#09: Prince of Persia: The Fallen King (Nintendo DS)
Genre: Platformer, Action
Platform: Nintendo DS
Release Date: December 2008
Platform: Nintendo DS
Release Date: December 2008
Developer: Ubisoft Casablanca
Falling within the second reboot of the Prince of Persia franchise in 2008, The Fallen King marks the Prince’s return to the two-dimensional world after the highly-rated Sands of Time trilogy embraced three dimensions and revolutionised the action-adventure genre. Being the first proper Persian outing onto handheld consoles (one turn-based strategy spinoff aside), fans will welcome the opportunity to dodge traps, leap chasms and die frequent jaggy-rock deaths while on the move as well, not just from the comfort of their sofa.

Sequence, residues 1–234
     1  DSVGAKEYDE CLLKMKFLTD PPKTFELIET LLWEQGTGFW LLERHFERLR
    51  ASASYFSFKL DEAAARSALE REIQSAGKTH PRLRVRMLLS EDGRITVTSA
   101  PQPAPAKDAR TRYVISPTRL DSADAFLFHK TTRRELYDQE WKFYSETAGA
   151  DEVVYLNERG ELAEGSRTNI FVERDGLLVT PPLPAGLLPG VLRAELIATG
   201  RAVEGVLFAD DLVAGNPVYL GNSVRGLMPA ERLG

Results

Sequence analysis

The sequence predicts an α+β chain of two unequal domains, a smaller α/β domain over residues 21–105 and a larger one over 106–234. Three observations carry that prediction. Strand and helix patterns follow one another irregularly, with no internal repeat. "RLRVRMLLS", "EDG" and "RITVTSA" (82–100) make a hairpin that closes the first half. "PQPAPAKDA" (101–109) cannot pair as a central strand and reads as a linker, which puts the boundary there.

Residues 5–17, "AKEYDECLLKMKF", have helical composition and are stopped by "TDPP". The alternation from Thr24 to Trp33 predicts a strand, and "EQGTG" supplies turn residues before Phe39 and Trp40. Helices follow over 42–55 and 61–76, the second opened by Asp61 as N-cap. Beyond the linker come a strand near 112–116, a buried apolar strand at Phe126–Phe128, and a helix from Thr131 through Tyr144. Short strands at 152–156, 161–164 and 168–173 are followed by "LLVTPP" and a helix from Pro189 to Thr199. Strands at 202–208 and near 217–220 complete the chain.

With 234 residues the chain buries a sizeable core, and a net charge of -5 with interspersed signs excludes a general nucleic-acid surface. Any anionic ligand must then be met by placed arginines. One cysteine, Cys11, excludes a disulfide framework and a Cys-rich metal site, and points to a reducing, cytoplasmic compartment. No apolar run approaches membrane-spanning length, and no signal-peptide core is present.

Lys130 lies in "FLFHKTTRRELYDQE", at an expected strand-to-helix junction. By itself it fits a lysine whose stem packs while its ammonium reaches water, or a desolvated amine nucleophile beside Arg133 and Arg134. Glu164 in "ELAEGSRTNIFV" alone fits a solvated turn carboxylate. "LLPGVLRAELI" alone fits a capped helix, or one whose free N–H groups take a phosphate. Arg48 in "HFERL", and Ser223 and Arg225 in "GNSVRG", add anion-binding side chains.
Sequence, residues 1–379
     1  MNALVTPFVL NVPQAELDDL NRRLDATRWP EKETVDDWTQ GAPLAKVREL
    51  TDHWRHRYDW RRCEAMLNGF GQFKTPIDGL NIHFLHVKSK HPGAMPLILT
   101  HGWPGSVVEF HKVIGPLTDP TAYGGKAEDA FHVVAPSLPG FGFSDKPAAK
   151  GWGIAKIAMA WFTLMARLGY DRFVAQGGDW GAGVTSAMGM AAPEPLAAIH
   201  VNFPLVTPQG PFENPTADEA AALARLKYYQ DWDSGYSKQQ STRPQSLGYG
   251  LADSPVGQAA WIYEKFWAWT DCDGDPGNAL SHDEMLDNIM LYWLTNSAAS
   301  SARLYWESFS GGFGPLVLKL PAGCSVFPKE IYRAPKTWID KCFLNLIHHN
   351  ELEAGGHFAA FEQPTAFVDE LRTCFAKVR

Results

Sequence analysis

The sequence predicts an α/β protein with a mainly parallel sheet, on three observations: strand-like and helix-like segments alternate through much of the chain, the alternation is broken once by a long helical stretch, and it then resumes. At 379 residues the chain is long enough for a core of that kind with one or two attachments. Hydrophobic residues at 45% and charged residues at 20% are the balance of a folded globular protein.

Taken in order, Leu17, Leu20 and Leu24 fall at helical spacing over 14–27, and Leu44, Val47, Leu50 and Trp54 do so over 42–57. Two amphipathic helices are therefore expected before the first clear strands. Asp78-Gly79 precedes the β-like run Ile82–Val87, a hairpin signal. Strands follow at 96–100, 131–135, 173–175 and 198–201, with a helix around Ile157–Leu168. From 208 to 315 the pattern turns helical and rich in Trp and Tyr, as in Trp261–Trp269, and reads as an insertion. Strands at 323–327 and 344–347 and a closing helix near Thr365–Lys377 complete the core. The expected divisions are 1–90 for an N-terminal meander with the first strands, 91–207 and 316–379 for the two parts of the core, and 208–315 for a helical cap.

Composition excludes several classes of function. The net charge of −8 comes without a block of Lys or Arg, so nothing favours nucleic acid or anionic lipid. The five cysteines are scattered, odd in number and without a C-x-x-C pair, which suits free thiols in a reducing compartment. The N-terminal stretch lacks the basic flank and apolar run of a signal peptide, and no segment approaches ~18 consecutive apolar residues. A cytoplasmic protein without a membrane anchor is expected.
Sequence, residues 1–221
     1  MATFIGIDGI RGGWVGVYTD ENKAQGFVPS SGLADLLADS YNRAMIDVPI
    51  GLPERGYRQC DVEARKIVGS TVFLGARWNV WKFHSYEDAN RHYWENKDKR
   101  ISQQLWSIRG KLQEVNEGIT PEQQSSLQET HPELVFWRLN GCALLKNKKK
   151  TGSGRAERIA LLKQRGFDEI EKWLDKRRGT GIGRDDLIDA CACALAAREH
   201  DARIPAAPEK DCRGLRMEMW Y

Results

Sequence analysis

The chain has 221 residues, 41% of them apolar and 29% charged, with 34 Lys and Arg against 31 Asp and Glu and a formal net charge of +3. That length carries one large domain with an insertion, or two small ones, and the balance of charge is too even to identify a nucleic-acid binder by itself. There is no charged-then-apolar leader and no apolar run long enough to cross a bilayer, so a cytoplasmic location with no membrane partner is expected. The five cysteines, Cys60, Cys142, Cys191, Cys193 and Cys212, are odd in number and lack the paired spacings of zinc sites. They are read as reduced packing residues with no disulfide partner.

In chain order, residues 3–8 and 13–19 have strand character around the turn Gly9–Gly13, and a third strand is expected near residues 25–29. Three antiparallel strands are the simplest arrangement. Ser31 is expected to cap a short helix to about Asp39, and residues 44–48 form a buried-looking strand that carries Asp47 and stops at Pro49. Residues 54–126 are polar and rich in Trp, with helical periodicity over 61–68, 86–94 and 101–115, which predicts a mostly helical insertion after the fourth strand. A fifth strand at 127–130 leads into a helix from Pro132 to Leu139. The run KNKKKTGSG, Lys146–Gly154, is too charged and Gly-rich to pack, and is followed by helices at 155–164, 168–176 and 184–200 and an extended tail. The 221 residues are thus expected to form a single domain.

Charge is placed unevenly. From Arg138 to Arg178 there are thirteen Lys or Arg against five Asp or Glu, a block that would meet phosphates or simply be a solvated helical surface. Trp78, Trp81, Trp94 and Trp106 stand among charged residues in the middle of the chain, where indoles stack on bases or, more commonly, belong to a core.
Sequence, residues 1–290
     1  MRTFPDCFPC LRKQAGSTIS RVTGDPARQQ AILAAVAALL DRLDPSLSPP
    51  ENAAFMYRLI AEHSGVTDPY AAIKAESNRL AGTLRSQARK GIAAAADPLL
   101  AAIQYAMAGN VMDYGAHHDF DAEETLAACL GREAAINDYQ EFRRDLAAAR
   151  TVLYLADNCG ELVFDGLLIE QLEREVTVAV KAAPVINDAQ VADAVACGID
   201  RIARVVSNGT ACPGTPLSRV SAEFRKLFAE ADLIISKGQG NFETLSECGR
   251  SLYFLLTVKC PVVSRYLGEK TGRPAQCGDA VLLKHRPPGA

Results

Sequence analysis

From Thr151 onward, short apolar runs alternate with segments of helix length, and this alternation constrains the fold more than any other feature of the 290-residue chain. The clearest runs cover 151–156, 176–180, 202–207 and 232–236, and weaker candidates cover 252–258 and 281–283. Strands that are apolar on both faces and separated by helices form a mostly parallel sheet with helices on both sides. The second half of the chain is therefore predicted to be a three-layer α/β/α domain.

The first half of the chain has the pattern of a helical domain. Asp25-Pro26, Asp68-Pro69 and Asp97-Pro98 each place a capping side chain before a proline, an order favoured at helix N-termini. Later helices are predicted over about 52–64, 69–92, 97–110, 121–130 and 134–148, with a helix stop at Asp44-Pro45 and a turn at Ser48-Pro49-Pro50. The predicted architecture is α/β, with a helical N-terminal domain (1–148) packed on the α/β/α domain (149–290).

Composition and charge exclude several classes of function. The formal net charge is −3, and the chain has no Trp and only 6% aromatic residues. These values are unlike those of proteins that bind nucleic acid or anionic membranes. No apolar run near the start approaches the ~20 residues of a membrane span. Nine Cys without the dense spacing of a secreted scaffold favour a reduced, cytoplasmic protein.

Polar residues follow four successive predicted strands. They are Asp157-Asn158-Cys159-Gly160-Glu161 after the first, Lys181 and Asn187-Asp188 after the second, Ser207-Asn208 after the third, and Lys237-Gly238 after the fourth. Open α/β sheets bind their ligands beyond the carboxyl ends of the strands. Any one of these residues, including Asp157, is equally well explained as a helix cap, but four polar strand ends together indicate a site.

The Prince starts off alone and powerless, only his acrobatic and combat skills to guide him through the early action which follows the standard 2-D Prince of Persia fare. Soon though, the Prince stumbles across Zal, a masqued wizard who joins him on the quest to defeat the major antagonist, Ahriman, and rid Persia of a chaos known as the Corruption. As a tool to contextualise the action, the story serves well enough and it’s heartening to see a handheld spin-off title given some decent time and effort towards encapsulation; not just a simple hack-job of the main points from the console franchise. To boot, there’s some punchy, well-written dialogue holding it all together, including some captivating build-up of both main protagonists. Zal’s accompaniment adds powers of magic to the Prince’s normal repertoire, ranging from block-moving to disarming enemies; eventually leading to the ability to manipulate the level scenery itself. Transit through the current level is displayed through a progress bar occupying the upper screen of the DS, while the platforming action takes place on the lower. The Prince is steered entirely with the stylus (while Zal’s magic is deployed by pressing the face buttons while directing with the stylus), meaning that there’s no haven of fine D-pad and button controls to navigate the treacherous Persian sands. Press stylus to lower screen to make the Prince run yonder; tap to jump, and slash an enemy to dice it with your sword. It’s filled with just as many misinterpreted commands as you’d expect, and too often resulting in spiky chasm instadeath. If there’s anything to be said of The Fallen King, it’s that this incarnation certainly lives up the classic Prince of Persia spirit.